Hidden Gems of Cryptocurrency #4 – OneLedger (OLT)
OneLedger (OLT) is an underrated, universal cross-ledger protocol that benefits from side chains to increase interoperability between different blockchain ecosystems. What does that mean? It’s an all-in-one blockchain solution available to users, developers, and businesses.
Transfer Digital Assets Between Different Blockchains
Today, companies are tapping into blockchain technology to streamline administrative processes, reduce human errors, minimize operation costs, and increase transparency. However, the mainstream adoption of the blockchain technology still faces challenges. The transition is not easy, and businesses approach it with varying degrees of speed and success.
One of these challenges is the lack of interoperability – the inability of different blockchains to communicate which each other. For instance, it is impossible to make a transaction from an Ethereum account to a BTC one. This process to do so involves transferrin to one chain before sending coins. This is costly, time-consuming and involves significant third-party help (exchanges, for example). Other significant problems that prevent the mainstream adoption of blockchain technology are the multi-network deployment of dApps, scalability, and existing legacy systems.
OneLedger is a blockchain startup designed to offer a solution for these issues. It facilitates cross-ledger operations. Its protocol can be synchronized with other distributed ledgers such as Ethereum, Bitcoin, etc…that support payment channels and hash time lock contracts (HTLC).
OneLedger Business Initialization
OneLedger is a three-layer consensus protocol that integrates effectively with different blockchains.
1. Business Initialization
The first layer is a configurable role-based consensus protocol – where a generalized contract begins. The contract is generated and deployed within the network running different blockchain codes. In Bitcoin nodes, the contract is replicated from the genesis contract when nodes are created. In Ethereum node, the contract is executed in the form of a smart-contract.
2. Channel Consensus
The second layer is known as the Channel Consensus. Its main role is to execute interactions between nodes, according to the terms of the contract. To achieve the second consensus, sidechain consensus is carried out among all participants. The consensus is reached when over two-thirds of the participants have agreed. Once consensus is achieved, data is written to a block and broadcasted to all nodes (participants).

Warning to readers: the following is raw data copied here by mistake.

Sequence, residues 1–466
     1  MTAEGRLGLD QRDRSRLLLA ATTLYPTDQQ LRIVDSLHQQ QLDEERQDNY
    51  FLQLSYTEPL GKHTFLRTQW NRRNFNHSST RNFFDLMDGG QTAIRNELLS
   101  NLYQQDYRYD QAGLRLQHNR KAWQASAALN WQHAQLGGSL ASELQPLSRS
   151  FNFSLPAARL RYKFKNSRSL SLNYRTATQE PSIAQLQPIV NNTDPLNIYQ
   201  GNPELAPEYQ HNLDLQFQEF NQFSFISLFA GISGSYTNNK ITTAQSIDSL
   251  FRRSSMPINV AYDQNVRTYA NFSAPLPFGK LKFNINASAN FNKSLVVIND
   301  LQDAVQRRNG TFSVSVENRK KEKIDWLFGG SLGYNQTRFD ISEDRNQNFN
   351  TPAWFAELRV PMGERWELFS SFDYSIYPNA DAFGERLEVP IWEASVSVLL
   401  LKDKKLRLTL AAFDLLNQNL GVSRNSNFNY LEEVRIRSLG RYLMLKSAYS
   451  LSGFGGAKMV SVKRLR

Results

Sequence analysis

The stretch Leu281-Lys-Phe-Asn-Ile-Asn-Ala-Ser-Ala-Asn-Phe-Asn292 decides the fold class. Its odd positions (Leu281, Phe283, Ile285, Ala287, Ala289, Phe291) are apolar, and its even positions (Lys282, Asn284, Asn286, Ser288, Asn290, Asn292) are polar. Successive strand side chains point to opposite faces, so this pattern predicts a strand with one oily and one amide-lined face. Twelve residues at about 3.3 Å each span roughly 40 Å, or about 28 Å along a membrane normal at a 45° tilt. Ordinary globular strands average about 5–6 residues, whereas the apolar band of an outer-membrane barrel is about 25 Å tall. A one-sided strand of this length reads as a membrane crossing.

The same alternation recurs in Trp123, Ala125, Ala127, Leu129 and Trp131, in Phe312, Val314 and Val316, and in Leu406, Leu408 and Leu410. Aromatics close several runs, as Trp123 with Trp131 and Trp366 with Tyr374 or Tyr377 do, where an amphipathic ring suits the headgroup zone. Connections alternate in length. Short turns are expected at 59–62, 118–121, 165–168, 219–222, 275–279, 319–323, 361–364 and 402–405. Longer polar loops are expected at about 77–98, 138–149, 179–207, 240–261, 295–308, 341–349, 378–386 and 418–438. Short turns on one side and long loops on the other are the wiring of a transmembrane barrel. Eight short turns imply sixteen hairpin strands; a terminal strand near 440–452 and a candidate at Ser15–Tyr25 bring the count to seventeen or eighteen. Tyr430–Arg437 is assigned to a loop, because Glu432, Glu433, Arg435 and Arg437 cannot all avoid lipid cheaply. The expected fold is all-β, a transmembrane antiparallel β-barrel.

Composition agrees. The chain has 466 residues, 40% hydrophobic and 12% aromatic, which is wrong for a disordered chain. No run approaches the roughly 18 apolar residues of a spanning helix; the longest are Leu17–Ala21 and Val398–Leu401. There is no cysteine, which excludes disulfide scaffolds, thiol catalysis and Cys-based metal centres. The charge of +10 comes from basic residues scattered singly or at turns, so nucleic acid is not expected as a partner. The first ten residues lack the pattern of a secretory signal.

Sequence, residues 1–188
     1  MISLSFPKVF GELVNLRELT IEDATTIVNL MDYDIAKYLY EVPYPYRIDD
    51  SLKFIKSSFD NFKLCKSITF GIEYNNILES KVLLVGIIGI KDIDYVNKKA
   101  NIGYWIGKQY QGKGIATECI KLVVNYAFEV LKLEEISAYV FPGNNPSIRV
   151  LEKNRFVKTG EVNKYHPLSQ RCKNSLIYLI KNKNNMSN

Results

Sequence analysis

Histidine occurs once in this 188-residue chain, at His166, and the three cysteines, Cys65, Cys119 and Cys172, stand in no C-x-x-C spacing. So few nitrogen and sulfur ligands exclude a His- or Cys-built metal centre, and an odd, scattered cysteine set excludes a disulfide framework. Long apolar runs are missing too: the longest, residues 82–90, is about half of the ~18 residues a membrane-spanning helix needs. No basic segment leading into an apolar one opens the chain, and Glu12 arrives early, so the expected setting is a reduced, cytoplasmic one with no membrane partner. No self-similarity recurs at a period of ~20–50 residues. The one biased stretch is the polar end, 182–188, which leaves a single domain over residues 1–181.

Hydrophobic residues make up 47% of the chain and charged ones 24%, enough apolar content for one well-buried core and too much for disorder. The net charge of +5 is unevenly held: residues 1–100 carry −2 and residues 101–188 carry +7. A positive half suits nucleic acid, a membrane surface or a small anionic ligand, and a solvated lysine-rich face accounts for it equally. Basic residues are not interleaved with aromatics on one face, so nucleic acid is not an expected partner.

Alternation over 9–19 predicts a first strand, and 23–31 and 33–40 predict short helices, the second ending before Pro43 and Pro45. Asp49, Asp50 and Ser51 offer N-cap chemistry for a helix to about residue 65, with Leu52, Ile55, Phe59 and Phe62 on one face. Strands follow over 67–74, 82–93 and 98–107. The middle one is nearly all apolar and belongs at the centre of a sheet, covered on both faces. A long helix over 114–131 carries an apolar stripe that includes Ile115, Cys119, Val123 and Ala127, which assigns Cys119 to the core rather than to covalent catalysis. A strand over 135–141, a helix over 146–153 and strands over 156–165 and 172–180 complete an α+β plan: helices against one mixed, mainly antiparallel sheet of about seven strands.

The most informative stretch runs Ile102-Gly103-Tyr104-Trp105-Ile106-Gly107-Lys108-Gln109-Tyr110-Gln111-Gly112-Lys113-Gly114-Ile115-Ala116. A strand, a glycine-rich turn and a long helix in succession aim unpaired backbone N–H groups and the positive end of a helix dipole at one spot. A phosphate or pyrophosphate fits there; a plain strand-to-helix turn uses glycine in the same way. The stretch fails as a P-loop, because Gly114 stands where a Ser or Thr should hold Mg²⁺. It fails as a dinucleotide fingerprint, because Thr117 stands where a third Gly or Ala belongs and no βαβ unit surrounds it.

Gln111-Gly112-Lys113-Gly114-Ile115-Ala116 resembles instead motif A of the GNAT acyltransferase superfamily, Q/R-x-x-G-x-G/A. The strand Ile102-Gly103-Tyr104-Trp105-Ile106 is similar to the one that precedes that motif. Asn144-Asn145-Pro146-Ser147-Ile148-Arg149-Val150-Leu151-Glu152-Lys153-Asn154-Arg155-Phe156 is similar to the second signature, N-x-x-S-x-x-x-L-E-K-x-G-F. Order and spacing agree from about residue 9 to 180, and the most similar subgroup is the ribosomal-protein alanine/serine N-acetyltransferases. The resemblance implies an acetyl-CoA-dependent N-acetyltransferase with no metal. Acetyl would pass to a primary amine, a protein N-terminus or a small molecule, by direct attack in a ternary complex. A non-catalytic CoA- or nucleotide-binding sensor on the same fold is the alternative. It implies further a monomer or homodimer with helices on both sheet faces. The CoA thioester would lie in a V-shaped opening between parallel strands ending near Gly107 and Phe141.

3. Public chain consensus
The third (last layer) is called ‘Public Chain Consensus.’ This one is needed whenever one requests a transfer of digital assets between public chains. As a result, the sidechain pre-consensus is initiated at the start of sidechain consensus. Once the proposal is sent to the appropriate public chain, validators vote to lock or unlock a block. If more than 75% of the sidechain of participating nodes reach consensus, the pre-consensus block is added to the ledger.
OneLedger is currently conducting an Initial Coin Offering with a hard cap of $15 million. One billion OLT tokens will be pre-mined. Each token will initially be mapped to one corresponding ERC-20 token.
According to the token economics of OneLedger, three participants will utilize the OLT.
Users: Individuals or businesses who/that are required to pay a transaction fee to the network supporters or nodes in OLTs.
Nodes: Network fees go to nodes; paid in OLT. The OneLedger ecosystem allows anyone to run a node at first. As the system matures, a certain fee in OLT is required.
Developers: These could be teams or individual contributors. Developers will need OLT tokens to deploy their modules to OneLedger’s decentralized marketplace. The smart contract will define the terms of sales.
Developers and Advisors
The idea behind OneLedger was the brainchild of David Cao, the Chairman of Canada China Blockchain Professional Association (CCBPA). Mr. Cao has more than 13 years of experience in enterprise architecture and blockchain technology. He has also worked at Xerox as a Lead Commerce Consultant, and at IBM Toronto Lab as WebSphere Commerce Developer.
The founder and CEO of Trust 2 Pay, Alex Todd, is also the Chief Technology Advisor of OneLedger. Stephen Lee is the Lead Engineer. He has worked as a software engineer at Microsoft and IBM as well as a Senior Consultant at Deutsche Bank.
The first version of the OneLedger platform will be released in 2019.
OneLedger seems to provide a great solution to some current and pressing needs within the blockchain ecosystem.